Association of request for opioid medications refill after hospital discharge with race in patients with prostate cancer treated with robotic-assisted laparoscopic radical prostatectomy

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J Opioid Manag


BACKGROUND AND OBJECTIVE: Request for refills of opioids is one of the indicators of possible misuse. We aimed to investigate racial variations in request for refills of opioids after hospital discharge from robotic-assisted laparoscopic radical prostatectomy (RALP).

METHODS: We conducted a retrospective study of a contemporary cohort of patients treated with RALP for prostate cancer and post-operative standardized pain control that employed nonopioid medications. Patients' request for refills of opioids (within 30 days) after discharge was examined, accounting for race, age, pain control after surgery, alcohol intake, marijuana consumption, pre-existing behavioral health diagnoses, and pre-existing chronic pain disorders using multivariate analysis. p-Value of < 0.05 was considered significant.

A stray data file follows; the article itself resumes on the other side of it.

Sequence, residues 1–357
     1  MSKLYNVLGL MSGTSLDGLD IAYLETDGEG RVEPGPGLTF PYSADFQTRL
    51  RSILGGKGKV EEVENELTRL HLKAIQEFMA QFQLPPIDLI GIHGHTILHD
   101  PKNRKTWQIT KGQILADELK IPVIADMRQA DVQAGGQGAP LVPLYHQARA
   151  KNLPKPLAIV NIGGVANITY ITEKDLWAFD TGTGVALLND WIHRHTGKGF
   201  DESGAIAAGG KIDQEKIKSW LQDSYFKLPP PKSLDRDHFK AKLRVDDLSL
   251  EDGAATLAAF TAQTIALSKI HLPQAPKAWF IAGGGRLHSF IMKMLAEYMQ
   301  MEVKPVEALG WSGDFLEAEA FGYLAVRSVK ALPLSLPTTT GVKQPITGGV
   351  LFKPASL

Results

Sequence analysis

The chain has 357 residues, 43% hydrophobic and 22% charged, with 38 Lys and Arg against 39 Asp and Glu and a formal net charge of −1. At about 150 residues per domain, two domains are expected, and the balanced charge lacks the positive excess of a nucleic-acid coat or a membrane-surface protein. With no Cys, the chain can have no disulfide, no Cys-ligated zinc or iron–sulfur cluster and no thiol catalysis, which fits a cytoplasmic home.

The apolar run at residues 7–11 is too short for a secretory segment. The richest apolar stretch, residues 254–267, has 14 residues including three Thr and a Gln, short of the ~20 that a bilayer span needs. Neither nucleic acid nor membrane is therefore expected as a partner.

RESULTS: We included a total of 282 adult patients in this study. African Americans (AA) patients comprised 24.5 percent of our post-prostatectomy individuals. Of the total cohort, 94.3 percent of patients reported adequate pain control in the hospital after surgery, and only 5.7 percent requested refills of opioid medications after discharge. No racial variations in request of refills were identified. Only pre-existing chronic pain disorders were found to be a significant predictor of requesting an opioid medication refill for pain control after discharge from the hospital.

CONCLUSIONS: A combination of minimally invasive surgery and nonopioid heavy pain management leads to low level of post-hospital discharge request for refills of opioid medication in patients treated with RALP across racial groups. Awareness and better control of chronic pain perioperatively are needed to ensure better post-discharge pain control.

Medical Subject Headings

Adult; Aftercare; Analgesics, Non-Narcotic; Analgesics, Opioid; Chronic Pain; Hospitals; Humans; Laparoscopy; Male; Pain, Postoperative; Patient Discharge; Prostatectomy; Prostatic Neoplasms; Retrospective Studies; Robotic Surgical Procedures

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